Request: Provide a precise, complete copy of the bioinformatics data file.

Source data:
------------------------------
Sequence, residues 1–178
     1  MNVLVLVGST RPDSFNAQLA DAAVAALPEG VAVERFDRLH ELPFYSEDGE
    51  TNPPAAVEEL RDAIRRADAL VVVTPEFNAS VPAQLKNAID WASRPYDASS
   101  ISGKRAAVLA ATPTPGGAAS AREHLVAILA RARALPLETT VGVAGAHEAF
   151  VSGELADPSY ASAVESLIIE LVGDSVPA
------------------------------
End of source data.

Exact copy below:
Sequence, residues 1–178
     1  MNVLVLVGST RPDSFNAQLA DAAVAALPEG VAVERFDRLH ELPFYSEDGE
    51  TNPPAAVEEL RDAIRRADAL VVVTPEFNAS VPAQLKNAID WASRPYDASS
   101  ISGKRAAVLA ATPTPGGAAS AREHLVAILA RARALPLETT VGVAGAHEAF
   151  VSGELADPSY ASAVESLIIE LVGDSVPA